• Nation’s Ophthalmologists Visit Congress to Address Policy Issues Affecting Medical and Surgical Eye Care

    More than 400 members of the American Academy of Ophthalmology bring message of patient advocacy to Capitol Hill   

    WASHINGTON, April 14, 2016 – More than 400 eye physicians and surgeons representing the American Academy of Ophthalmology are in Washington, D.C., to engage Congress on key issues affecting the care of millions of Americans suffering from eye diseases. The ophthalmologists will visit the offices of the 435 members of the U.S. House of Representatives and all 100 members of the Senate to make their patients’ voices heard on several critical issues that impact the quality of care they are able to receive.

    The Academy is the leading voice for the profession of ophthalmology in Washington. The organization takes an active role in working with Congress and government agencies on policy issues that affect how medical and surgical eye care is provided in the United States. While in the nation’s capital this week, Academy member physicians will work to secure new protections for eye care consumers and access to sight-saving medications, while seeking necessary funding for vision research to drive future innovative treatments.

    “Each year, the Academy works on behalf of our patients and our profession to inform our leaders in Congress of the emerging issues that put quality eye care at risk,” said David W. Parke II, M.D., CEO of the American Academy of Ophthalmology. “We count on a strong partnership with our nation’s public servants to develop innovative, bipartisan solutions that help to protect sight and empower lives of the patients we serve. By coming to Capitol Hill each year, we ensure that a strong, unified physician voice is informing critical decisions about eye health.”

    Among the key issues ophthalmologists are discussing with Congress today and on an ongoing basis are:

    Protecting contact lens consumers

    The Academy supports the Contact Lens Consumer Health Act, sponsored by Sen. Bill Cassidy, MD, R-La. This legislation would protect contact lens consumers and eye care providers from harmful business tactics. It would facilitate a prescriber’s ability to verify and correct patient prescriptions. Additionally, it would put an end to contact lens vendors falsely advertising their ability to sell contact lenses without a prescription.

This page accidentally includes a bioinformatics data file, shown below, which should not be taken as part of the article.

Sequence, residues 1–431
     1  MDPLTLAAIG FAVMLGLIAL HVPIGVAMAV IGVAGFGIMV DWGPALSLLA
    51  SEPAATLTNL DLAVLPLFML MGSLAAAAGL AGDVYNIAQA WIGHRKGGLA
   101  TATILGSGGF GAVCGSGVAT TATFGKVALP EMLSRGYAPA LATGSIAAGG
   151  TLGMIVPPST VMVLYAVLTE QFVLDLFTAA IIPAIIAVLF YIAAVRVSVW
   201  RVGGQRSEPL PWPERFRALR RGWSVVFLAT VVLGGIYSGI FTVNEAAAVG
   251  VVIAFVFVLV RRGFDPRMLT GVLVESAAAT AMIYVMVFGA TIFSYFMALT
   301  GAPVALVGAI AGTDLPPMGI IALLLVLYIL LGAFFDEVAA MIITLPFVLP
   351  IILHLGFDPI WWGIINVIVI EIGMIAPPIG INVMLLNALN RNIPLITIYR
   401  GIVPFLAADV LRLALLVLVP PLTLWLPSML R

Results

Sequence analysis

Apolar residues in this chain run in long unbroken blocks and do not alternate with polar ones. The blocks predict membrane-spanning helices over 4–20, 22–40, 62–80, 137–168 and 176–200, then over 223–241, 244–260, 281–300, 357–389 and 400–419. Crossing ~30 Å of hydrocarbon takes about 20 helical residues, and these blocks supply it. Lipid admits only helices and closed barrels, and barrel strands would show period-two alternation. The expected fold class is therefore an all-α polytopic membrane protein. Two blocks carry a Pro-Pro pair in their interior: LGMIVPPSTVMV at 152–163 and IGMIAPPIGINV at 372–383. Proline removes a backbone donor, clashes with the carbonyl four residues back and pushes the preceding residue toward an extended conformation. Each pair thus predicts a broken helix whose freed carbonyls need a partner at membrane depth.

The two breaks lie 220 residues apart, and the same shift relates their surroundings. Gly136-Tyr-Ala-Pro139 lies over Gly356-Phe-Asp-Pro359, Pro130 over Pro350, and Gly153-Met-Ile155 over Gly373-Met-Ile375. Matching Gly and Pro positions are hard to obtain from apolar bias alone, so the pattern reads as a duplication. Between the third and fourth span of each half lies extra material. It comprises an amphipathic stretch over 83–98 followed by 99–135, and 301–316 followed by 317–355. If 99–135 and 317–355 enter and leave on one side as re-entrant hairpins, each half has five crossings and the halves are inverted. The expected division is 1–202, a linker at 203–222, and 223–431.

Increasing funding for military and federal vision research programs

    With more than 50 million Americans expected to experience significant eye disease[i] by the year 2020, the Academy is leading the call for more research dollars to be dedicated to the pursuit of new treatments to preserve the sight of these patients. The Academy is a proponent of the Department of Defense’s groundbreaking program to advance medicine’s knowledge of the diagnosis and treatment of traumatic eye injuries, including penetrating eye injuries, brain injury-related visual dysfunction and vision rehabilitation. The gains made under this program have broad application beyond the military, informing how ophthalmologists care for all patients.  

    The Academy is also asking Congress to support greater funding levels for federal research led by the National Institutes of Health and National Eye Institute.

    Preserving access to ophthalmologists for Medicare patients

    Access to care is critical for nearly three million Americans living with glaucoma and the many people who require emergency surgery for retinal detachment. The Centers for Medicare & Medicaid Services recently enacted dramatic cuts that may limit the availability of these services and timely treatment in some areas. The Academy is asking Congress to help limit these cuts and preserve patient access to care.

    Ensuring electronic health records are easy for physicians to use to achieve Medicare’s goal of improved patient outcomes

    As electronic health records become more integrated in patient care, the Academy believes that it is important that they work efficiently for Medicare physicians and patients. Any requirements for the use of electronic health records must not prevent physicians from focusing their energies on their patients. Congress has the ability to develop policies that will facilitate physicians’ ability to analyze and share data with other health care providers. This is expected to enable the promise of health care information technology as a powerful tool for facilitating better patient outcomes.

    About the American Academy of Ophthalmology

    The American Academy of Ophthalmology is the world’s largest association of eye physicians and surgeons. A global community of 32,000 medical doctors, we protect sight and empower lives by setting the standards for ophthalmic education and advocating for our patients and the public. We innovate to advance our profession and to ensure the delivery of the highest-quality eye care. Our EyeSmart® program provides the public with the most trusted information about eye health. For more information, visit www.aao.org.


    [i] 50 million Americans expected to experience significant eye disease